|Ms. Sarah Hunter||
Loved it! This book definitely got my wheels turning. There really is so much good stuff here, I'm not sure where to start. As an artist, I could have taken away a million things from Austin Kleon. As a teacher, I am taking away a bunch of lessons, some that overlap with what I could use as an artist, and some that are different and unique. I'm going to reflect on this book as a teacher, since that is why I'm here after all!
I love the message to "be an amateur." This is a powerful message for all of us, but especially for our students. In talking about the gap between mediocre and good, Austin cites Clay Shirky who says that "the real gap is between doing nothing and doing something.' Amateurs know that contributing something is better than contributing nothing." This is no doubt an important lesson for my students. You can't get good until you start somewhere, and contributing something to your learning is always better than contributing nothing. Along with being an amateur, I'm a big fan of the idea of taking people behind the scenes. With my background in theater, I think it's very powerful for people to get a look backstage to see just how much goes into every moment onstage. The same goes for the classroom. I think that giving students the opportunity to see the value in their day-to-day work is a great motivator. The process is equally, if not more, valuable than the final product, and it's important that my students understand that.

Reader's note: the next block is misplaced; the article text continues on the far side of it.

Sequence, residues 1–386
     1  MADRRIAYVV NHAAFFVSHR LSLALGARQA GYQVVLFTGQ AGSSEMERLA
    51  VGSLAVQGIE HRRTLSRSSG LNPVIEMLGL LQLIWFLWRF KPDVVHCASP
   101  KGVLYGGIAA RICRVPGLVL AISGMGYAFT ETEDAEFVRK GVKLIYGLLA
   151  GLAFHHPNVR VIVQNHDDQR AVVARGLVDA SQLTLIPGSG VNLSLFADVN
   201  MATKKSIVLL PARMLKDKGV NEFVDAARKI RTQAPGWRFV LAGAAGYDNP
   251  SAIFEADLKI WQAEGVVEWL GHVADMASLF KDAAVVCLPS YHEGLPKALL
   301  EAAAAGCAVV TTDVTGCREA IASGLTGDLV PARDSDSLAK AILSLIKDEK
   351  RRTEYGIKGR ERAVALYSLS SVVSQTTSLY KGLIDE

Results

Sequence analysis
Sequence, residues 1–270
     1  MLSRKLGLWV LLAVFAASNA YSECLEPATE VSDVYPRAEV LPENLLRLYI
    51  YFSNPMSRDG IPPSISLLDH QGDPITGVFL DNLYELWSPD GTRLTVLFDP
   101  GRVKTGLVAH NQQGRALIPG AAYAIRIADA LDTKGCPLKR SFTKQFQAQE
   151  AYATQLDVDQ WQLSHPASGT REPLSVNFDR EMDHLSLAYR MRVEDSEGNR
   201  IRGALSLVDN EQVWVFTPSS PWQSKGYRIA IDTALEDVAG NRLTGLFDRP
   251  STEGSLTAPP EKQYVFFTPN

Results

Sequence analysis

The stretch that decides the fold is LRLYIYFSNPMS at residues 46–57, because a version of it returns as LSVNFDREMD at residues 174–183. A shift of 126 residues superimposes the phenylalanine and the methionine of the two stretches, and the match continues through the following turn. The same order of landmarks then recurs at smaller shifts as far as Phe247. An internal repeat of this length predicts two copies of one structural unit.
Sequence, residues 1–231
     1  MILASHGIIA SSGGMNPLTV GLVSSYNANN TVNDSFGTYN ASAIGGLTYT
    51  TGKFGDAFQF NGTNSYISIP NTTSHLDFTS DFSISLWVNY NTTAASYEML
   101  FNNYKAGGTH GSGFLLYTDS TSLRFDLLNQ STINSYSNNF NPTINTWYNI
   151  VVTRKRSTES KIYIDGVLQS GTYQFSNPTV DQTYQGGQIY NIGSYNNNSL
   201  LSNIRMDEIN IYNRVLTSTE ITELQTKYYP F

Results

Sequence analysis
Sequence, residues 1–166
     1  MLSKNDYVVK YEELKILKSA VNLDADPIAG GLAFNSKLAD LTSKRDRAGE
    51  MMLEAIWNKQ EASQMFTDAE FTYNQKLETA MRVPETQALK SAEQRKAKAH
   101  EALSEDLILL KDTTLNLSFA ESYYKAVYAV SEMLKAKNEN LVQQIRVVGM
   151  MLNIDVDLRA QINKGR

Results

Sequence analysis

I'd like to inspire my students to find powerful, positive influences, and identify the ways in which these influences inspire them. So I appreciated Austin's statement that "influences are all worth sharing because they clue people in to who you are and what you do--sometimes even more than your own work." I'll be looking for ways to integrate opportunities to share our influences in my classroom wherever possible.
I think there are two statements made in this book that are most important for my students to hear and understand every single day:
"When you find things you genuinely enjoy, don't let anyone else make you feel bad about it. Don't feel guilty about the pleasure you take in the things you enjoy. Celebrate them"
"Make stuff you love and talk about stuff you love and you'll attract people who love that kind of stuff. It's that simple."
As a teacher, can I really ask for anything more than for my students to feel confident, inspired, and driven by their uniqueness? These takeaways were so valuable to me, and I look forward to putting them to good use in my classroom this fall!
Here's my blackout poem I created from page 119: